End of year campaigns are finally wrapped up, with their frantic pace of getting the creative in the system on a tight deadline and segmenting like there is no tomorrow. Now you have turned to intensely pouring through all of the open, click through and conversion rates and guaging the success of your appeals. It's one of the more stressful times for communications officers in many of the organizations I know. I hope that everyone can take a breath and take a minute to relax - you've earned it.
With all the hubbub, it's easy to lose site of the real people your email list names represent. These are people that have signed up to hear from your organization because they care about your work and want to support you. So once you have a chance to catch your breath you might want to reconnect with them and get inspired about your outreach all over again.
Here is a little experiment you might want to try with your email or donor list to reconnect.What:
Take 1 hour a quarter (or even once a month) to check in on who is signing up for your emails or donating to your organization.
Pick 10 (or 20 or 50 if you are fast and efficient) names at random from your supporter list and quickly review their records.
- What do you know about them?
- Where do they live, how long have they been with you?
- Notice any trends or similarities?
- Any surprises?
- Take a couple minutes and use your imagination to think about who they are, why they signed up and what they were hoping to get from your organization.
The point of this little exercise is not to find hard data or facts to plan your next campaign around, but to get into the mindset of connecting with your email names as real people.
Taking a look at who is on your list and seeing the names and locations is a great reminder that your list is made up of actual people and it helps to keep this at the forefront of your communications.
Doing this once can reignite your connection to your list members, doing it regularly can provide more insight into why people have signed up and can help you write emails that are more authentic and relevant to the recipients.Part Two:
If you really want to get some information, take another hour or so and write a handful of random supporters a personal email thanking them for their support and asking what they think of the emails they receive from your organization. Although you don't want to judge too much based on such a small sample, you can bet that if you hear the same complaint or compliment repeatedly its worth thinking about and maybe investigating further.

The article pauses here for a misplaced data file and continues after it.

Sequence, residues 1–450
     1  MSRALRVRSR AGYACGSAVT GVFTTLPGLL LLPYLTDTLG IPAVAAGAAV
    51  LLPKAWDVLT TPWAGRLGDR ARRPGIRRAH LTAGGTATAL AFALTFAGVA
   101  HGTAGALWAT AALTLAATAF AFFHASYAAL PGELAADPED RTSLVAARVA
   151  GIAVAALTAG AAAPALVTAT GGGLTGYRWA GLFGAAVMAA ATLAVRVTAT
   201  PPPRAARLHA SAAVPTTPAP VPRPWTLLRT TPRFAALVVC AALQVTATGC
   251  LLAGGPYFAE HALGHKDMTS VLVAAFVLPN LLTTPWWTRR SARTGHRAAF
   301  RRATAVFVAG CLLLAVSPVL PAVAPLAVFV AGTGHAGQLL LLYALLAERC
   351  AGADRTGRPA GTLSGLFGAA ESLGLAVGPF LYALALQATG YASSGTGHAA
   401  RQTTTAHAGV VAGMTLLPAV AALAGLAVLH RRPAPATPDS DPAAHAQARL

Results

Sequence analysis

You might want to include a couple of specific items like the following:
- Why did you sign up for our email - what were you hoping to receive?
- Do you read our emails regularly?
- What is your favorite part of them
- What is your least favorite thing about our emails?
- Do you receive too many or too few emails from us?
- What would you like to see more of?
- Offer them a link or piece of information that they might find useful - a new article on the web or fact that you have a facebook group for instance.
Everyone likes to be acknowledged and asked their opinion, and the personal touch can mean a lot. At worst you may hear some criticism of your communications, or reach someone with a personal issue with your organization. Thank them and tell them that you are noting this and help solve any issues you can (direct someone that was charged twice by accident to your membership department for instance). In any case you will enhance your brand, spread goodwill and create a deeper engagement with at least one of your constituents. Plus you never know what good things they may want to tell you that they never would have taken the time to say on a survey or web form.Why do this?It just takes a small effort to show respect
: By taking an hour to reach out and respond, you will have shown your supporter that you are paying attention to the needs of your audience and made them feel special. Since this is a casual effort you control the volume and flow of feedback so it doesn't have to become a giant undertaking or time suck.New input leads to new ideas
: You might also find that its a good way to generate new ideas for segmentation, campaigns and ways to personalize your merge fields in the future. And I believe that having a few personal interactions with some of your list members will change the way you approach your broader communications as well.Feel good about what you do:
Having people give you their email address and invite you to their inbox is a sign that they are on your side and want to be a part of what you do. And if they give you their clicks or money they are showing just how good they feel about being connected with you. That is really pretty amazing and pretty cool if you think about it.
Again, this isn't about accurate statistics about your list, although of course you should make time to review and understand your big picture data too. This is just an exercise to inspire you about your email audience - people just like you that care about your work and your mission. Seeing that you have people in your corner that care about your cause can give you a boost of much needed energy for your next email effort and all the work that comes with doing it well.